|No actual students' papers were harmed in the making of this comic.|
(As you may be aware, this is a continuing story. It starts here, and has happened almost every day since.)
Chapter three, continued.
At home, the kid was equally unobtrusive, but in a more secure sort of way. He was loved, and he knew it, and he required no confirmation or reminder of it. It was a good thing, too, because his parents were equally reserved and quietly confident. The kid had only a dim idea of what they did all day, and their family dinners usually passed in companionable silence. Even little brother was remarkably quiet for a three-year-old.
It was rare that the anxiety of his school life should cross the threshold of his door and follow him through the kitchen, down the hall, and to his room. On this particular day, though, it had. The kid did not feel it consciously, but it was such an out-of-place feeling among his books and legos that he decided to go outside and collect his thoughts.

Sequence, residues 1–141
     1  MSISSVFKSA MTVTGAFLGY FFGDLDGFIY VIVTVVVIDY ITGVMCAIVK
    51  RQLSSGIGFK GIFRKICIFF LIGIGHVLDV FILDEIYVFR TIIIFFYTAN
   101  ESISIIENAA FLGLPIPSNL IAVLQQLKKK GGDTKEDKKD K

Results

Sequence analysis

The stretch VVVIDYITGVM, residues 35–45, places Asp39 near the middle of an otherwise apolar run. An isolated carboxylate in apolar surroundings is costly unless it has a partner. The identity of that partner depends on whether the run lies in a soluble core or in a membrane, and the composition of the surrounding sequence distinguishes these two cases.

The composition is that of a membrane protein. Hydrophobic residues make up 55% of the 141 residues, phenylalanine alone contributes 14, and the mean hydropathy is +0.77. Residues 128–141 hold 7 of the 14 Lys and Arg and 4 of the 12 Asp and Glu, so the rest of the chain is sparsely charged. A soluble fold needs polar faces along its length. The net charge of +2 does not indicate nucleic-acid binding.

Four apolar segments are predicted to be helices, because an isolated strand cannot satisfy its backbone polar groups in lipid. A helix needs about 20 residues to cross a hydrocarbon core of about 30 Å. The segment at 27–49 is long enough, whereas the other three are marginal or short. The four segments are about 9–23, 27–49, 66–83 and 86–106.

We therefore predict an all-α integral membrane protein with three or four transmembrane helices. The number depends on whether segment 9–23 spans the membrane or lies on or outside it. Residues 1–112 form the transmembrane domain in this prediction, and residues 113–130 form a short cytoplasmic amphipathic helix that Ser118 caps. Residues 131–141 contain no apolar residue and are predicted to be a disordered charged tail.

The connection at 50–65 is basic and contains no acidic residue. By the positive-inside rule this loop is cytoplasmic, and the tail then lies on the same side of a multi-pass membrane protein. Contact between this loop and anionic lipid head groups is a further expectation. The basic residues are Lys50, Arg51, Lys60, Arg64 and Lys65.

The air outside held, like the apples ripening on the tree whose branches hung over the neighbor's fence, a delicate balance between sweet and tart. Fall was not far off; some leaves had already begun to turn. The yard was just large enough to hold some degree of mystery and to permit some exercise of imagination. The kid looked around absentmindedly for a stick which might serve as a hunting spear or a staff. He also tugged at the tangled ends of his thoughts, somewhere within which must be what was troubling him. In the end, all he could figure out was this: some kind of big change was on its way, something he could not expect or plan for. Try as he might, the kid could not figure out why he was so sure of it. He did, however, find a really fantastically long, straight stick, which would be put to good use.